Because of these risks, doctors will not prescribe Jesduvroq for you if you’ve had a heart attack, stroke, or certain other conditions that restrict blood flow to your heart in the past 3 months.

Red blood cells contain hemoglobin. Jesduvroq increases hemoglobin levels to treat anemia. But increasing hemoglobin levels too quickly (higher than 1 g/dL over 2 weeks) increases the risk of these cardiovascular problems. Having a hemoglobin level over 11 g/dL also increases your risk.

Because of these risks, your doctor will prescribe the lowest Jesduvroq dosage that’s effective for you. And they’ll monitor your hemoglobin levels throughout your treatment with this drug. If your levels are higher than recommended for you, your doctor may lower your dose or pause your treatment until your levels are acceptable.

Talk with your doctor to learn more about the risks of taking Jesduvroq.


Jesduvroq can sometimes cause harmful effects in people with certain conditions. This is known as a drug-condition interaction. Other factors may also affect whether Jesduvroq is a good treatment option for you.

Talk with your doctor about your health history before starting this medication. Be sure to tell them if any of the following factors apply to you:

*Cytochrome P450 2C8 (CYP2C8) is an enzyme in the liver that helps to break down certain drugs, including Jesduvroq.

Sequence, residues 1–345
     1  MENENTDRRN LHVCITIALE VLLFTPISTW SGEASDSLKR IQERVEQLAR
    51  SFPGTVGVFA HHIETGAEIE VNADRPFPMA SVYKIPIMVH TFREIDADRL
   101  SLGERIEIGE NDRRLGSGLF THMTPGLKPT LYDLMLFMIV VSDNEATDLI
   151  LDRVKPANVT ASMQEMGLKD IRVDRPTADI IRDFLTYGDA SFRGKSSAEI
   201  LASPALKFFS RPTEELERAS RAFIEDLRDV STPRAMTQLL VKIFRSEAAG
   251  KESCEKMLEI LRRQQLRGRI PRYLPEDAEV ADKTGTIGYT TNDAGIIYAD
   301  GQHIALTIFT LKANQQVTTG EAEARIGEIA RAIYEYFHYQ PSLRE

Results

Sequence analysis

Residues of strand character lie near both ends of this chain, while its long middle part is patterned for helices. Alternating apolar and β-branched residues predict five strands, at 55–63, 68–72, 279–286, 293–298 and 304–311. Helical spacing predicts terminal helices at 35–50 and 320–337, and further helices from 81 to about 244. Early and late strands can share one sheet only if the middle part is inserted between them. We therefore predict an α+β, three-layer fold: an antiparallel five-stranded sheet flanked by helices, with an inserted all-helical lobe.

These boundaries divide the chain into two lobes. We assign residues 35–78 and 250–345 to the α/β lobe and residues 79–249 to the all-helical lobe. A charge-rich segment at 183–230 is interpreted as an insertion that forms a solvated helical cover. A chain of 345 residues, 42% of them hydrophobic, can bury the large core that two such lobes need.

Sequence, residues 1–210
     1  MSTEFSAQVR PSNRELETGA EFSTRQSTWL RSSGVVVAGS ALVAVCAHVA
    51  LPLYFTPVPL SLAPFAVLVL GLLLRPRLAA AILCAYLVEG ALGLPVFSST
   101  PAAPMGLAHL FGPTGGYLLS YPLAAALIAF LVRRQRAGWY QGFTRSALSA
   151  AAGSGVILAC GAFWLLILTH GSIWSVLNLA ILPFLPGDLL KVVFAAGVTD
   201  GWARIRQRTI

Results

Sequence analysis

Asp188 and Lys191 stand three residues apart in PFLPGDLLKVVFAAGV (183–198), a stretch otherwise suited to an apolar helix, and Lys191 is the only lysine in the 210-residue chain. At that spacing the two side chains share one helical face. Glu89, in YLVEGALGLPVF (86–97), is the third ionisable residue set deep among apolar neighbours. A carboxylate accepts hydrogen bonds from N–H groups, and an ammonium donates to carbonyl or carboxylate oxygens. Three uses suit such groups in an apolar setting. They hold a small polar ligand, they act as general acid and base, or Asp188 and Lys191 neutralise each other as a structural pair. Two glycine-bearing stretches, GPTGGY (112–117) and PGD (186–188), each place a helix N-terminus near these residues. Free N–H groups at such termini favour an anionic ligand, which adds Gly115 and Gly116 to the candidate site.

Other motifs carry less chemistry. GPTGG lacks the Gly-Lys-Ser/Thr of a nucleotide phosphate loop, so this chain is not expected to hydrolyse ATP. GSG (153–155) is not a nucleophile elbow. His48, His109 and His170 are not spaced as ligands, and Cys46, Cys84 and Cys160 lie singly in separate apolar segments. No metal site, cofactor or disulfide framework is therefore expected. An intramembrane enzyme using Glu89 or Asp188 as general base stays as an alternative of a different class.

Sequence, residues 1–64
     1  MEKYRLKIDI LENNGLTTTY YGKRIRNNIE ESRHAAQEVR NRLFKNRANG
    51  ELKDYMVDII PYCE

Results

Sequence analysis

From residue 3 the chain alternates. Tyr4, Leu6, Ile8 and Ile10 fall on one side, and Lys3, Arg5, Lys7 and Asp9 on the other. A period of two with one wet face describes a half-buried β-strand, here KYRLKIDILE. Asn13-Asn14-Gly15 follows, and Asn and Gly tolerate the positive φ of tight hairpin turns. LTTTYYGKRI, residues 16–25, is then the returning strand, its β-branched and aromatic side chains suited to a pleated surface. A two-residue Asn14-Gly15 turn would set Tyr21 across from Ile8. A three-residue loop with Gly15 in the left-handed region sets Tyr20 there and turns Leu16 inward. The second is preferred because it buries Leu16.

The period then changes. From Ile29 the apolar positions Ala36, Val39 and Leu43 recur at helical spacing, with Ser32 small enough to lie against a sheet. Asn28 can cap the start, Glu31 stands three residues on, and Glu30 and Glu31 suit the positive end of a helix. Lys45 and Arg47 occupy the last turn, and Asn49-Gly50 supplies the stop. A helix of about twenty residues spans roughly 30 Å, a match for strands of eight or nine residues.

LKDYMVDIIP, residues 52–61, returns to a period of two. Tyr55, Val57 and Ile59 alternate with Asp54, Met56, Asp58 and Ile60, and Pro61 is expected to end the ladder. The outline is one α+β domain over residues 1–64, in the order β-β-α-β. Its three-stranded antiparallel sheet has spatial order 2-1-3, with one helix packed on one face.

Find answers to some commonly asked questions about Jesduvroq.

Will Jesduvroq cure my anemia caused by chronic kidney disease (CKD)?

No, Jesduvroq does not cure anemia from CKD. There’s currently no cure for this condition. But Jesduvroq works to manage the symptoms of anemia.

If you have other questions about what to expect from Jesduvroq treatment, talk with your doctor.

How does Jesduvroq compare with Procrit?

Both Jesduvroq and epoetin alfa (Procrit) are used to treat anemia from CKD.

In addition, Procrit is used to treat anemia in certain people, including those who:

  • have HIV
  • are taking certain types of chemotherapy drugs
  • are trying to reduce the need for red blood cell transfusions before certain planned surgeries

(Jesduvroq is not used for these conditions.)

Another difference is that Jesduvroq is approved for anemia from CKD in adults only. Procrit, on the other hand, can also be used in children as young as 1 month old, depending on the cause of anemia.

Jesduvroq comes as an oral tablet. Procrit is either given as an injection under your skin or an intravenous (IV) infusion (an injection into a vein over a period of time).

Jesduvroq and Procrit belong to different groups of drugs.

If you have other questions about how these medications compare, talk with your doctor. They can help you find the treatment that’s best for you.

Is Jesduvroq used for other types of anemia?